The question is what sort of protection computer programs should get under the DMCA then? Is the content of it being protected or is the function? In this particular instance the function not the program itself was really what they were claiming. The DMCA really doesn't apply. In this instance the circumvention it providing access to a garage and not copyright material. The expression vs function dichotomy that has been esposed as the basis for supression of speech cuts both ways. Here clearly function was involved.
One thought...if after these years the courts and the lawyers still can't figure out what the DMCA really means maybe it's time to rename it the Digital Millenium Crapyrights Act...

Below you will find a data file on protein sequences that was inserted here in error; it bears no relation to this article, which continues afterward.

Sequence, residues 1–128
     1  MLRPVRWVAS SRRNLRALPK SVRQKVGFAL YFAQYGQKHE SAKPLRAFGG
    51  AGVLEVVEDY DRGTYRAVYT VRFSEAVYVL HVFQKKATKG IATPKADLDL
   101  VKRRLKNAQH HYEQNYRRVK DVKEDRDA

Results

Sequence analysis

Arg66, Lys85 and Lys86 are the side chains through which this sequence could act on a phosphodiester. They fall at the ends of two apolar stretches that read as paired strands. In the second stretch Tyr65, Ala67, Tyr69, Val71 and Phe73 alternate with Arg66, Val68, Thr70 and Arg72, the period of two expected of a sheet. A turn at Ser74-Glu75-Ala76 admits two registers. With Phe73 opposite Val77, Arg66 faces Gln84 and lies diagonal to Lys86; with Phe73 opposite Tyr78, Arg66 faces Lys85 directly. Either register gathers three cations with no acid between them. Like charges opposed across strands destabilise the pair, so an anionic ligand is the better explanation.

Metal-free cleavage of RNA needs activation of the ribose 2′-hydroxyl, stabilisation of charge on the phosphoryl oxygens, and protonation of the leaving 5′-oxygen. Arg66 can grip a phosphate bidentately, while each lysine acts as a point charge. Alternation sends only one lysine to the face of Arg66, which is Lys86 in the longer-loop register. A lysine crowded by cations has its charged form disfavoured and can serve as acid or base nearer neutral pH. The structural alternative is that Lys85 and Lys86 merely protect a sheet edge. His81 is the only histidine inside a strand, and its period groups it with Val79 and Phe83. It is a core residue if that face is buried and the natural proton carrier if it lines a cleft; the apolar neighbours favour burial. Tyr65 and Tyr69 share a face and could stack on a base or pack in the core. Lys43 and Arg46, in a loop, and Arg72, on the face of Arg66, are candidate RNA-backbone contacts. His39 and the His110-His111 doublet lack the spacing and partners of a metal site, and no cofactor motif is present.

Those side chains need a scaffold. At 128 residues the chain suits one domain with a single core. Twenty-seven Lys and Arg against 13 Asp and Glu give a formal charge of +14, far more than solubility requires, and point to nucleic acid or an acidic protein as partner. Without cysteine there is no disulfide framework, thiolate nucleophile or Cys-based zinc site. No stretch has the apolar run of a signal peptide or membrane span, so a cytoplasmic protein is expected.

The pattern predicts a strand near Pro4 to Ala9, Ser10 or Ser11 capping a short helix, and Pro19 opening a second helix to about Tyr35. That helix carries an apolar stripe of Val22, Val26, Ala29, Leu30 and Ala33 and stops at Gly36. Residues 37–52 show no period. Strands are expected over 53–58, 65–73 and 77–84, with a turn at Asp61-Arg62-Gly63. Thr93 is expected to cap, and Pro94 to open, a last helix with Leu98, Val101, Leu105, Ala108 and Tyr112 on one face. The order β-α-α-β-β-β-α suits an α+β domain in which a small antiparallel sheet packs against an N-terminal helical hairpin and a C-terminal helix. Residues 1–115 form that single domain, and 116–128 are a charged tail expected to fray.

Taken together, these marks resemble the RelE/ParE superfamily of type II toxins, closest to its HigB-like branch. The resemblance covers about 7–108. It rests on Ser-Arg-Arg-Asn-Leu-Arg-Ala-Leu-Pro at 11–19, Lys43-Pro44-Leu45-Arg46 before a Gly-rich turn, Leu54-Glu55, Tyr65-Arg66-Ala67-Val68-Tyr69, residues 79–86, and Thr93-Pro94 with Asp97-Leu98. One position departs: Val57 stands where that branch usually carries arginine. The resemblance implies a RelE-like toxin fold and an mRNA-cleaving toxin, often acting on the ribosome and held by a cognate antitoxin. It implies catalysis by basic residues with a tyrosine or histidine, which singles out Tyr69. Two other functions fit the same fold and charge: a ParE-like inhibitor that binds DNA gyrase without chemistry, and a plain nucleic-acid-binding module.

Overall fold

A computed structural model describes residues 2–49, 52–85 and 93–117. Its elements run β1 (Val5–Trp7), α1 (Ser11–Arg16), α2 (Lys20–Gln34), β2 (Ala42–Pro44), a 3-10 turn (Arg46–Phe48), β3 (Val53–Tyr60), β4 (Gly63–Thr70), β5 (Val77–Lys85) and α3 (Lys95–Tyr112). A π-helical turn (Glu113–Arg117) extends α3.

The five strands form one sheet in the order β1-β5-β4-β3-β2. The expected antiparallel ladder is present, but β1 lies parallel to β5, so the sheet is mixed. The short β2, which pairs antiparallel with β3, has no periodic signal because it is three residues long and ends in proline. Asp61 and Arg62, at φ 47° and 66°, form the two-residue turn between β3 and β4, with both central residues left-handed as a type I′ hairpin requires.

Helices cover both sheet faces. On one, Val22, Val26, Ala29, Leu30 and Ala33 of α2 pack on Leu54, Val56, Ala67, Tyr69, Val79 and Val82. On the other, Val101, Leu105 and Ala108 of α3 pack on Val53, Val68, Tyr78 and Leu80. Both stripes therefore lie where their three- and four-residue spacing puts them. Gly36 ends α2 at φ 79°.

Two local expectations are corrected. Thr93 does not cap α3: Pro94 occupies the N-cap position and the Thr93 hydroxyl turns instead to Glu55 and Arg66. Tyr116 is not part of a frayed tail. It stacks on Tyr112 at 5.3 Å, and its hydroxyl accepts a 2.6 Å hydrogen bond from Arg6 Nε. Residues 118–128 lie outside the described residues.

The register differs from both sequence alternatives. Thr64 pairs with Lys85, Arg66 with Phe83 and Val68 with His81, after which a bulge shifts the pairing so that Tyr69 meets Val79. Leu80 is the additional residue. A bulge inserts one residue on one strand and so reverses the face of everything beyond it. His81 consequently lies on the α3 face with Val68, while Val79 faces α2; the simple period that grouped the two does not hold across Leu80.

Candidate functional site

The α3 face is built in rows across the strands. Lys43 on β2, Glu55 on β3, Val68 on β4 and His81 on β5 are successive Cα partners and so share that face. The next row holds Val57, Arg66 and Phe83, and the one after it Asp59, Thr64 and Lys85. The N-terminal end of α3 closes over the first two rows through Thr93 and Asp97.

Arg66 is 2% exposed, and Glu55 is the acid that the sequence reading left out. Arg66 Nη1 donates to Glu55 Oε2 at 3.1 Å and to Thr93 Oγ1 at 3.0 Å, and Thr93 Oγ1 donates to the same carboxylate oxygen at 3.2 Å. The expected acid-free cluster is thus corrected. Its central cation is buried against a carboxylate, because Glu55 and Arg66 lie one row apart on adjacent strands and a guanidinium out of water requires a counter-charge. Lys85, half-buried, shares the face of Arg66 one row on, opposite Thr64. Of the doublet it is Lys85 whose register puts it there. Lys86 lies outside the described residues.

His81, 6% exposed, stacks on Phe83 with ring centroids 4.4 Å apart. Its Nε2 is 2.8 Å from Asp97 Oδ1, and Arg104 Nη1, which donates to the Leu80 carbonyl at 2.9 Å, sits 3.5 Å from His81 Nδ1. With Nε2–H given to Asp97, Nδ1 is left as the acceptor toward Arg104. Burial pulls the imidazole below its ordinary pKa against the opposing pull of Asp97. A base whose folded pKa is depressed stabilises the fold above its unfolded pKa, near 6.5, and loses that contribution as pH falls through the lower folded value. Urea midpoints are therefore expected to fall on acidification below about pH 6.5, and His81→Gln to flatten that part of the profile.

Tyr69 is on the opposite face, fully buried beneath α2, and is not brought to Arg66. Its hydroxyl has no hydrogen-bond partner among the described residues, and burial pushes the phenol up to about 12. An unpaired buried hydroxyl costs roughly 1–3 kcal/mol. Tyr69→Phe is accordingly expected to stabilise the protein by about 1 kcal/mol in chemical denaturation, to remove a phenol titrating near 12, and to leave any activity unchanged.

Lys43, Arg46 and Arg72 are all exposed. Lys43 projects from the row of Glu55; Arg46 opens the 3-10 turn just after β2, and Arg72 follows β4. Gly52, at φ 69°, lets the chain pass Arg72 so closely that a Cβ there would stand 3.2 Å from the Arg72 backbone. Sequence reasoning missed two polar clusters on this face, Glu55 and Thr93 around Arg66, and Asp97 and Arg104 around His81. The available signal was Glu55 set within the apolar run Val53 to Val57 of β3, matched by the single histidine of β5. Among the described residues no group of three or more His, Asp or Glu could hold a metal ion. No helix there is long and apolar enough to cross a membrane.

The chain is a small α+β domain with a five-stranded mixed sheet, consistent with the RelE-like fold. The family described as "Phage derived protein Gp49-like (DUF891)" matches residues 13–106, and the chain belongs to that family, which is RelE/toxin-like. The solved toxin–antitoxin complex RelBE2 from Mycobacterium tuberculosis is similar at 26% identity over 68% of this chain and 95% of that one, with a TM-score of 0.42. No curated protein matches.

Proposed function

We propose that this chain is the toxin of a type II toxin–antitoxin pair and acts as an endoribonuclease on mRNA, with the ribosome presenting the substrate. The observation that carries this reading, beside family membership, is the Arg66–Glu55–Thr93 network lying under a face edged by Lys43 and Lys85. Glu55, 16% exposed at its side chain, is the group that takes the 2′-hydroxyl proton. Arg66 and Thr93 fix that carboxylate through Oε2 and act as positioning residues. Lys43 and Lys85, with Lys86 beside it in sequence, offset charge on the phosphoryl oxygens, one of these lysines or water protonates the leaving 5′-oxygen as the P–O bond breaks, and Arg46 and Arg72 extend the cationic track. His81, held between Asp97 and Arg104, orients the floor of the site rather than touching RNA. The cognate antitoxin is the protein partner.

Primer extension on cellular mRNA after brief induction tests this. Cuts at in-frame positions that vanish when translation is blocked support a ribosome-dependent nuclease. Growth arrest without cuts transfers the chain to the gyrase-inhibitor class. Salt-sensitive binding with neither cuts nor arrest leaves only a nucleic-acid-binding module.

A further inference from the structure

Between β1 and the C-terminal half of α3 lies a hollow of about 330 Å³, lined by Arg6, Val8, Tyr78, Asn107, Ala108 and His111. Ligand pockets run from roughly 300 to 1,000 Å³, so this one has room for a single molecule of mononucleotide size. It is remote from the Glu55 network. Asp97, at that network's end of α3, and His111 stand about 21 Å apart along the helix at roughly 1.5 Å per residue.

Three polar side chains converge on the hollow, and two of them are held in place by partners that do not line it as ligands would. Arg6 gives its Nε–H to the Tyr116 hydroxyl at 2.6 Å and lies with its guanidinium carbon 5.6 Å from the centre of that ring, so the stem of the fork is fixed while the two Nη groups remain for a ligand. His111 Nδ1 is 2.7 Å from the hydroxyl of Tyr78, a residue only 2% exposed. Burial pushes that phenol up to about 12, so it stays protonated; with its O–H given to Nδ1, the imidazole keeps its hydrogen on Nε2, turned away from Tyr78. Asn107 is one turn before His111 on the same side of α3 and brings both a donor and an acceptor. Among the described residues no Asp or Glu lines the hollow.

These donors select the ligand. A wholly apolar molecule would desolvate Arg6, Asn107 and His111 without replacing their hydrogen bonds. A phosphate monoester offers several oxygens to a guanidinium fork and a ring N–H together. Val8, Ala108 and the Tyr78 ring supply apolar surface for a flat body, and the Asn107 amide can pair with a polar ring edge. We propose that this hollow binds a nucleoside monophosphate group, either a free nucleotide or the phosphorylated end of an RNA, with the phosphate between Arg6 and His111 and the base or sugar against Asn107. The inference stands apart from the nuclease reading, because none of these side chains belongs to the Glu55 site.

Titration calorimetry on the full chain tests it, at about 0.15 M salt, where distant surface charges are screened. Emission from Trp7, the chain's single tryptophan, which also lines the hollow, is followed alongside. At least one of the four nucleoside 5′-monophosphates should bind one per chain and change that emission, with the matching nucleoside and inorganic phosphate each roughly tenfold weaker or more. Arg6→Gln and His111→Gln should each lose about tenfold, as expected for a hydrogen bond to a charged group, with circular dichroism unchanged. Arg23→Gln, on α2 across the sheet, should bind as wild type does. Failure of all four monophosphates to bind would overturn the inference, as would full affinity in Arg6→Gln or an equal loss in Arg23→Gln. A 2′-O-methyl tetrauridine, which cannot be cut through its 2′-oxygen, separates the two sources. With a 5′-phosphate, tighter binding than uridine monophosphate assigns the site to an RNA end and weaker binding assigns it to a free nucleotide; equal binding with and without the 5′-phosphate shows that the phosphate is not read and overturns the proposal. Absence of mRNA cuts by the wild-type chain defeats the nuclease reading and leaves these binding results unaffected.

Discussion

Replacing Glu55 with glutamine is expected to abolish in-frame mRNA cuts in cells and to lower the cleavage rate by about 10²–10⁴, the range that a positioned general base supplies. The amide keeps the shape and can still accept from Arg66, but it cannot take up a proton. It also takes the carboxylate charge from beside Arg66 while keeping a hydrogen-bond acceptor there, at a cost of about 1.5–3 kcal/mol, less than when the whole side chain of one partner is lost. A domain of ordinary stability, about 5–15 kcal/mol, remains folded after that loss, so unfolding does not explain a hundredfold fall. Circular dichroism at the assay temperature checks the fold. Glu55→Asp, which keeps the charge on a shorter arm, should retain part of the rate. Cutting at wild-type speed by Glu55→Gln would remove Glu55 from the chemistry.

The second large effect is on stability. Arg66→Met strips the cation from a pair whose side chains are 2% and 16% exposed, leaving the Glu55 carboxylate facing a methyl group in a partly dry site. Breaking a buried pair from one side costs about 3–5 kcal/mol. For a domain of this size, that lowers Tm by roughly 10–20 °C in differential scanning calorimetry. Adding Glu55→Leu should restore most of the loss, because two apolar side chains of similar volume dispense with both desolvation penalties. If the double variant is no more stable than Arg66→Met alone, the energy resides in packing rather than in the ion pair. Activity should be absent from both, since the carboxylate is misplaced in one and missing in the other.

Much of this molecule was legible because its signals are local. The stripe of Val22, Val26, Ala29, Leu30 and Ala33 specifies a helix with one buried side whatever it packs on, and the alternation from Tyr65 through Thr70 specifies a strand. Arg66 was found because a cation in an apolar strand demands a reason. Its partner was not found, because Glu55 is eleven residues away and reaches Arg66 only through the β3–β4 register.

Ernest Miller <firstname.lastname@example.org> Sent by: email@example.com
09/08/2003 10:45 AM
Please respond to dvd-discuss
Subject: Re: [dvd-discuss] did everyone already see this?
Well, that is not how the courts have interpreted what it means to
"access" in the DMCA. Moreover, I doubt that yours is a definition the
courts would accept. The DMCA says nothing about accessing something as
"content." By your definition, anything that did not get read and
copied would not count as access. This would leave a lot of computer
programs unprotected by the DMCA. This does not seem to be what
Richard Hartman wrote:
>I'm sorry ... when I push the button on the garage
>door the program gets downloaded to a screen on
>Uh, uh. The code does not provide access to the
>Strictly speaking, the code does not provide access
>to the program _at_all_. The code is _managed_ by
>the program. The code triggers a certain function
>performed by the program. The code does _not_ in
>any meaningful way provide _access_ to the program.
>I'll take a look at that debate thread you
>provided and post this there as well.